Editorial: We’ll ‘Buy Evanston’ if leaders ‘Improve Evanston’

Walking the streets of downtown Evanston – or trying to find a parking place – one would think business is booming. There are fewer empty storefronts today than at any time in the past decade, with the retail vacancy rate down to 4.5 percent. But despite the crowded downtown, the city faces a projected $3.7 million budget shortfall, much of it attributed to sluggish sales tax revenue. Far from booming, business is bruised and battered.

Some city leaders have started to promote a “Buy Evanston” campaign to encourage residents to spend their dollars in the city. In response, we feel it necessary to start an “Improve Evanston” campaign to encourage city leaders and businesses to offer residents better products.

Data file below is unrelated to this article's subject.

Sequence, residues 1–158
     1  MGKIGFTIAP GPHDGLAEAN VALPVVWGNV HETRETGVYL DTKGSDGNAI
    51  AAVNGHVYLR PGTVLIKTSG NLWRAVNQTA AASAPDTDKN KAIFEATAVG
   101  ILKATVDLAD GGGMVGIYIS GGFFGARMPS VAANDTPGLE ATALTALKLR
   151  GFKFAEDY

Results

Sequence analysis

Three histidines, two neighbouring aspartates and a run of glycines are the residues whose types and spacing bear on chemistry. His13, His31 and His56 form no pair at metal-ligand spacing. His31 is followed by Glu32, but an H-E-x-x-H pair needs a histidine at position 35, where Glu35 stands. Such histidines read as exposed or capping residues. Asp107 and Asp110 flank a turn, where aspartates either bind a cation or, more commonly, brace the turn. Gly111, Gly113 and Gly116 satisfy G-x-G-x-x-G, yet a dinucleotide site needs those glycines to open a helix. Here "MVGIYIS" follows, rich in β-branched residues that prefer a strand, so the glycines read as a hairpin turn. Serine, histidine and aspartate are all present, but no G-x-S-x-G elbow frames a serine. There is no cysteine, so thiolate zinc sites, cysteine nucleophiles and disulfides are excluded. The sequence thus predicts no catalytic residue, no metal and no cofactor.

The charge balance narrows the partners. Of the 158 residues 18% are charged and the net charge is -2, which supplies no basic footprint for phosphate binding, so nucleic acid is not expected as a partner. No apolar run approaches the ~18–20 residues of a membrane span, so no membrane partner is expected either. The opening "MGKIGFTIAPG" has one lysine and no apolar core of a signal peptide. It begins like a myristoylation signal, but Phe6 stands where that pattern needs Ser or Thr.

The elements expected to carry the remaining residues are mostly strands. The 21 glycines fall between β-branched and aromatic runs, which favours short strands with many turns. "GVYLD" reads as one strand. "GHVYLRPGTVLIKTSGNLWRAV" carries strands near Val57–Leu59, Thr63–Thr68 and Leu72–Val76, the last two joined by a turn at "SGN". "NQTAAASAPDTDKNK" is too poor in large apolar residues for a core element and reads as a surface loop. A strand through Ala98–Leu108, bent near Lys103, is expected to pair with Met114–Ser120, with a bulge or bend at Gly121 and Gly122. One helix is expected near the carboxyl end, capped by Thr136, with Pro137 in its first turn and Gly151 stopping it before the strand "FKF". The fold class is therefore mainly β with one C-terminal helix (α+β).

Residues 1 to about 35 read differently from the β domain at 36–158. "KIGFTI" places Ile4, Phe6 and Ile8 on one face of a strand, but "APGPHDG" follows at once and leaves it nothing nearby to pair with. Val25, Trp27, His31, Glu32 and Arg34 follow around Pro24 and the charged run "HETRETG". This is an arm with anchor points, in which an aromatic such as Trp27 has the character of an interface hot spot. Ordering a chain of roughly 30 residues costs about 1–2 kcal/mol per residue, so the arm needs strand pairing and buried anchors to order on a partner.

If people are shopping elsewhere, it is because they are buying better products or services for cheaper prices. They won’t buy inferior items at higher prices in the name of civic pride, especially if they are as cost-conscious as many of Evanston’s senior citizens and students.

Rather than simply calling on us to shop locally, city leaders should try to encourage student-friendly retailers to move downtown. With all the new development projects underway, the city has the opportunity to install businesses at which students will shop, spend and produce sales tax revenue.

Convenience is a strong pull — we stopped going to Old Orchard Shopping Center to see movies when Century Theatres moved to town — and students will shop in Evanston if local businesses offer quality products targeted at them for a reasonable price.

We’re willing to buy Evanston, but you’ve got to sell something first.